Port Town, May 2002, 10.95, 509 pp.
Accepting a high school history teaching position, Jessa Jones moves to Odaire, Georgia. She finds teaching uninterested students tedious, but it brings her some income to at least the delight of her dad. Jessa decides to write her dissertation on the day to day life of a typical late nineteenth century Georgia family, the Delacroys. Rumors of ghosts add a bit of flavoring to her study.
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Peer Rob Anderson teaches at the same school. He is attracted to Jessa, but outside of polite friendliness, she rejects his overtures of turning their relationship into something much more. He helps her research the library, investigate the ghost town old Sayville and interview descendants of the Delacroy family whose lives apparently ended in tragedy. As she digs deeper, strange occurrences happen to her and Rob, which leads her to believe that they are reincarnations of Delacroy with her being Josephine. When Patrick Donovan arrives, the triangle is set for a repeat of an 1870s tragedy unless Jessa can change the karma through perhaps love, but which man?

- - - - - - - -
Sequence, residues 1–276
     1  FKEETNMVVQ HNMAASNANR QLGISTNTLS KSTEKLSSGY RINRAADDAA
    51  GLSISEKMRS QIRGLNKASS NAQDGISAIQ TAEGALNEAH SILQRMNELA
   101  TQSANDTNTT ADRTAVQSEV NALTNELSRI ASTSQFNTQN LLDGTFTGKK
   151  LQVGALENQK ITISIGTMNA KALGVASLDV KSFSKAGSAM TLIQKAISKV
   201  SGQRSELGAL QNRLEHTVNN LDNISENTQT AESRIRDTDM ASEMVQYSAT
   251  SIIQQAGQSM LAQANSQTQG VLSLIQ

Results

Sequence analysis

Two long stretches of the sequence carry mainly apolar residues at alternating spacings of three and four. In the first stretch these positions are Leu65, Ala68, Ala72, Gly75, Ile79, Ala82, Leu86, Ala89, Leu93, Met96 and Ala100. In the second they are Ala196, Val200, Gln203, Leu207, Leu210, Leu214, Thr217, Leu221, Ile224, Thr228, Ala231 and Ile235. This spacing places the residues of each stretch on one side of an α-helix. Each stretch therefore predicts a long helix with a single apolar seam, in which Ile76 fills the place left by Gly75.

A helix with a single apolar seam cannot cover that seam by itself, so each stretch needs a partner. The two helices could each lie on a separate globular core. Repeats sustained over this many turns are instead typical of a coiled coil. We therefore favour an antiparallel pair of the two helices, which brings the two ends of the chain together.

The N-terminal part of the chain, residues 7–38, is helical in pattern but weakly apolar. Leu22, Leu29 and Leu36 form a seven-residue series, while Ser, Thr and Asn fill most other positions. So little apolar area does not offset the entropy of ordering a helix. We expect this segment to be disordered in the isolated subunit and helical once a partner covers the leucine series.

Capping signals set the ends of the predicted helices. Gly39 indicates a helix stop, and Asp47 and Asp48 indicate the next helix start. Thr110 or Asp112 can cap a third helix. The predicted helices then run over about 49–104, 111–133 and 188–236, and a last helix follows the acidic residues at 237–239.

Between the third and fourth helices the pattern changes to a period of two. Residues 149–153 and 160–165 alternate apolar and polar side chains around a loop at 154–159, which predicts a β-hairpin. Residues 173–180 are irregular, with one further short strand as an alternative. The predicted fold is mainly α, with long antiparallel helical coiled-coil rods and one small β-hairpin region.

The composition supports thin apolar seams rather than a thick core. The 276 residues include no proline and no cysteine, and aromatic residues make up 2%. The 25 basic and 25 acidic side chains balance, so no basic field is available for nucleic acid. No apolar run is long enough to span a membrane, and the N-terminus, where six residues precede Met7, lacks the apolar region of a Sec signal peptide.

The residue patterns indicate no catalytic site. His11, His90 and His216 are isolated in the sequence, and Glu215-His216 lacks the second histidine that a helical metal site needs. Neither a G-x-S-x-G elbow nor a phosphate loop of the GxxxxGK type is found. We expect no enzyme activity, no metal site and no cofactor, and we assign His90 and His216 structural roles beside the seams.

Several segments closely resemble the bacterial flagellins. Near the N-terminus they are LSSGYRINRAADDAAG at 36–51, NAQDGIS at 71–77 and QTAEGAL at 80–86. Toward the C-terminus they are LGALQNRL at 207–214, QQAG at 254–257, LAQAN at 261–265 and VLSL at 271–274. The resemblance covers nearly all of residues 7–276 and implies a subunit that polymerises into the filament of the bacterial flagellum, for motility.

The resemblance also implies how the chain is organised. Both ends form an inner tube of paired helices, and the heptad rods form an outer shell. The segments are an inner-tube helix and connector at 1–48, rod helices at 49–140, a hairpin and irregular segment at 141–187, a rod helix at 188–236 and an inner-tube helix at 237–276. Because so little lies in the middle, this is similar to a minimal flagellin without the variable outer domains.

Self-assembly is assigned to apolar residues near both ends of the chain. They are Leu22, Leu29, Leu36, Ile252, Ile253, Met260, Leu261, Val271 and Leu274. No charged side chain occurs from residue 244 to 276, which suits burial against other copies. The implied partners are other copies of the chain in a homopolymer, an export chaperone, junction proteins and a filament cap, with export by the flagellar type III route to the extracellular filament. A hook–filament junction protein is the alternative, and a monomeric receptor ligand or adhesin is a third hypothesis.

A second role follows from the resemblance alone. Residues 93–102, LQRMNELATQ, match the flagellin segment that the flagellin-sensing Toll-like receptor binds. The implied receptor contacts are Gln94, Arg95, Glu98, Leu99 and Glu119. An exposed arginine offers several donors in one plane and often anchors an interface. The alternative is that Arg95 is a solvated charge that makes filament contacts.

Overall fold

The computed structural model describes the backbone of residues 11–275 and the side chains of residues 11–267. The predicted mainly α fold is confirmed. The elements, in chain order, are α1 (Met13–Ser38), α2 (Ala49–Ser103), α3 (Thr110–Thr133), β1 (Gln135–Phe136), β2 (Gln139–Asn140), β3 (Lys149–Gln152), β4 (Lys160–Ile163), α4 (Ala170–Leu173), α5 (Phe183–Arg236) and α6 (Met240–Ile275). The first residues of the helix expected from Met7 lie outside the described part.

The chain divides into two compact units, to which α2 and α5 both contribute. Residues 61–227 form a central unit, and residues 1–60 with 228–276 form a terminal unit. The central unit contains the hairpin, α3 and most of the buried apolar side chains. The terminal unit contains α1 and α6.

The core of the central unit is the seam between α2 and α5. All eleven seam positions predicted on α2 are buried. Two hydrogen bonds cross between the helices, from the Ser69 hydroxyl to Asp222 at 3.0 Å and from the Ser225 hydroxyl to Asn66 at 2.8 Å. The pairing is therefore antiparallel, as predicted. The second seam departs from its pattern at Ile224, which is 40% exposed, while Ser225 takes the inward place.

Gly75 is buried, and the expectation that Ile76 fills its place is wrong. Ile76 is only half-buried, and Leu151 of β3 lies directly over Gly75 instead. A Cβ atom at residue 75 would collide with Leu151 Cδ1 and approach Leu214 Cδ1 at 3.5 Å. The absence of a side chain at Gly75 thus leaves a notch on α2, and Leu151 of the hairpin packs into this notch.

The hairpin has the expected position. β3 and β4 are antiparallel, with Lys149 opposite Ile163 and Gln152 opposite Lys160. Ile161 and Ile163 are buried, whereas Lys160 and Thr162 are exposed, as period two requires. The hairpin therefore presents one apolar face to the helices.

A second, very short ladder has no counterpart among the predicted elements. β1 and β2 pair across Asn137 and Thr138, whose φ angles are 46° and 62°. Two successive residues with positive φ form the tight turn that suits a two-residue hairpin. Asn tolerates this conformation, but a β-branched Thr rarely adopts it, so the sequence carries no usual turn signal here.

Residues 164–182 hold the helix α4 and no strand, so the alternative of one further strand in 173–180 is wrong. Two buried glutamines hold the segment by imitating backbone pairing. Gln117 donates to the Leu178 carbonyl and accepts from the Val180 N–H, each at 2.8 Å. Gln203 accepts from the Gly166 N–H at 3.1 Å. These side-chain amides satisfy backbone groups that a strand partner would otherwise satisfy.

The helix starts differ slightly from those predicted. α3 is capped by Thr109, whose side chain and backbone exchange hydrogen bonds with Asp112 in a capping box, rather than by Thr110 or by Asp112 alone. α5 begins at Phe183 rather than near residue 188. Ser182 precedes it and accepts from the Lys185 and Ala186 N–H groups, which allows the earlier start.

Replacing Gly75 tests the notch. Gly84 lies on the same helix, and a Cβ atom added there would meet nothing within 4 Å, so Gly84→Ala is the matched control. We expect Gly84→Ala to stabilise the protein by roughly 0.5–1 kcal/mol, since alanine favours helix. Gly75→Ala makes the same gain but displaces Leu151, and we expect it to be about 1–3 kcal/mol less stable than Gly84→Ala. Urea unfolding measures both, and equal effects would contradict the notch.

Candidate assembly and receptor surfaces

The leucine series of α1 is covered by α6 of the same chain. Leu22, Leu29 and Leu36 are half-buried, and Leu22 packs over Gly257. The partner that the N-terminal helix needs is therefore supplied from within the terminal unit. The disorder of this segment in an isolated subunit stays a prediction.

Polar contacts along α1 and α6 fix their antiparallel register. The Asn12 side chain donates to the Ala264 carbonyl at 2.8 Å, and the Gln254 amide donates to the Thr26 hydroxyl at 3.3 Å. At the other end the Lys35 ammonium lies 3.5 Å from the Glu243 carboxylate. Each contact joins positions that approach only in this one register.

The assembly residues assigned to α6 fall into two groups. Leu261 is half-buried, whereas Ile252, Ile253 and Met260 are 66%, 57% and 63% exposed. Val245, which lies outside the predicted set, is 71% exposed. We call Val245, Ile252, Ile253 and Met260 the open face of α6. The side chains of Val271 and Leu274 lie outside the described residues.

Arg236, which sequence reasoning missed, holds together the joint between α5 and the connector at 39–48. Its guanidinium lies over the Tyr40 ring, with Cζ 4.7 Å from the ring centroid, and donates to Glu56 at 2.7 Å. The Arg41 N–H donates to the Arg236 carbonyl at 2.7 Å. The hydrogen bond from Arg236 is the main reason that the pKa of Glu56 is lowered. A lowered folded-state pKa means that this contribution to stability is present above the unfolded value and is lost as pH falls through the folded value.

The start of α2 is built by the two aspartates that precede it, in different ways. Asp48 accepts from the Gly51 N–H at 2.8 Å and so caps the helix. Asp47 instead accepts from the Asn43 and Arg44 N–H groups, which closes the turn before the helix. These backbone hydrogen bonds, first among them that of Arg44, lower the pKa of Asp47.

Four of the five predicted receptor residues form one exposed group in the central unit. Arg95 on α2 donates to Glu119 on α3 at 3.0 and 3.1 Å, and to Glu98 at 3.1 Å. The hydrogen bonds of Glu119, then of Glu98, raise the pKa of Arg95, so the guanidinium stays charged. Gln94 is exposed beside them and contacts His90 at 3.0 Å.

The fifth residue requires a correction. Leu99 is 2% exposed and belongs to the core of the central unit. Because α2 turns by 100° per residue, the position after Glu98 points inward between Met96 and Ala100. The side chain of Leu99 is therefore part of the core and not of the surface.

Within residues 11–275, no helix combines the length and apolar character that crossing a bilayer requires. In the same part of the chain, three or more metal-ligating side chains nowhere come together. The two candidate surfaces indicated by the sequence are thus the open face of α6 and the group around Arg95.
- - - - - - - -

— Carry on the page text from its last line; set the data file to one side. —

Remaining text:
BURY THE PAST is an engaging reincarnation tale that uses a leisurely pace reminiscent of the early gait of Turn of the Screw to set the parameters of the tale before novel goes full speed. By insuring everything is in order, Jan Letoha enables the audience to believe that history is repeating the tragedy of the previous century in an eternal circle. Those fans of paranormal novels that give this book a chance to emerge will appreciate Ms. Letoha's fascinating story and will feel good karma while anticipating future works from a new talent.
The review of this Book prepared by Harriet Klausner